The Dixie State University Student Association is planning to update their charter for the first time since 1996.
The DSU Policy Committee calls for policies to be updated every five years, and the charter, formally known as Policy 541, is next on the list.
“When I discovered the age of the policy about three months ago, it became an immediate priority to begin the revision process,” said Luke Kerouac, director of student involvement and leadership. The policy will be analyzed and multiple drafts will be made and voted on before the new charter goes into effect.
Kerouac said he can attribute the initial push for updates to Kendra Jensen and Weston Zimmerman, two officers of DSUSA.
“I was extremely surprised [about the age of the charter] and made steps to ensure that this wouldn’t happen again by adding ‘keeping policy up to date’ in the job description of the chief justice,” said Student Body President Sarah Ramaker, a senior dance major from Midland, Michigan. Instead of creating a new position, Ramaker gave the responsibility to the DSUSA chief justice who is also accountable for interpreting the DSUSA constitution, acting as chair of the election committee and planning applicable activities.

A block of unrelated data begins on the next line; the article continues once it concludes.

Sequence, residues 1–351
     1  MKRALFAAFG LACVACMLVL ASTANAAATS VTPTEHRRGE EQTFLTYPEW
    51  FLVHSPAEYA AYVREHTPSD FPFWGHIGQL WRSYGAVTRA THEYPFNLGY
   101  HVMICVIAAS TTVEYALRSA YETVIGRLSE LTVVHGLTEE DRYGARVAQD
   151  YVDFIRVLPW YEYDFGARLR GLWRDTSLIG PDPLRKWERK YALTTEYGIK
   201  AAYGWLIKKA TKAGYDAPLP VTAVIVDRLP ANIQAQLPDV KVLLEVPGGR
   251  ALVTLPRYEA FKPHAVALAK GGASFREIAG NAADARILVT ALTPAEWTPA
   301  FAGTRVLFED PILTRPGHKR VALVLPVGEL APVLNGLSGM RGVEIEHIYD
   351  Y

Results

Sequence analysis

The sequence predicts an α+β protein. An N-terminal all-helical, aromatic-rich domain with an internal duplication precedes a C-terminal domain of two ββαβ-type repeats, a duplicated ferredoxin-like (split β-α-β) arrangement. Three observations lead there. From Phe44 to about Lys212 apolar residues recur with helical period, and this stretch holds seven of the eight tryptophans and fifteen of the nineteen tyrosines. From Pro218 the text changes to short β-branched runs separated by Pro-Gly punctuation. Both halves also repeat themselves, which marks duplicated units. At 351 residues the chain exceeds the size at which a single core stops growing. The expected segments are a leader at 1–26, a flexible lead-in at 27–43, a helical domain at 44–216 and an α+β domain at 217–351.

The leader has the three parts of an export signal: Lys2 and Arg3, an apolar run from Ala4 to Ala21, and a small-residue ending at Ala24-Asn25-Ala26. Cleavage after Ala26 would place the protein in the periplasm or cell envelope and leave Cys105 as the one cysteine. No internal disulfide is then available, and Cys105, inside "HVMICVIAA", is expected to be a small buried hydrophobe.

The charter itself still reads “Dixie State College,” which is one of the first aspects of the charter that will be changed, Kerouac said.
“We are now a university, and the charter should accurately reflect that,” Kerouac said.
Kerouac said minor guidelines regarding governing and the election process also need to be updated.
“[The association will make] basic updates to reflect the changes of the university, and updates on policy and procedure,” Ramaker said.
Other than the misnaming of DSU as a college, the old charter lays out the powers and duties of underclassmen representatives. These positions outlined in the charter no longer exist, and the document makes no mention of current positions such as president of the Stampede.
“I feel that now that we are a university, it should probably be looked at and reviewed since that’s longer than most students at the school have been alive,” said Promise Odunze, a freshman business administration major from Las Vegas, and Institute of Politics Committee member.
Odunze said it’s important for the charter to be updated because every person who attends DSU is a part of the student association. He also agreed with Kerouac on the importance of updating the charter to reflect DSU as a university.
“With all the expansion going [on] through 2020, [the update] would only make sense since things at a university level are different than they are at two-year institution,” Odunze said.
The charter is set to be reviewed and updated by the end of the semester.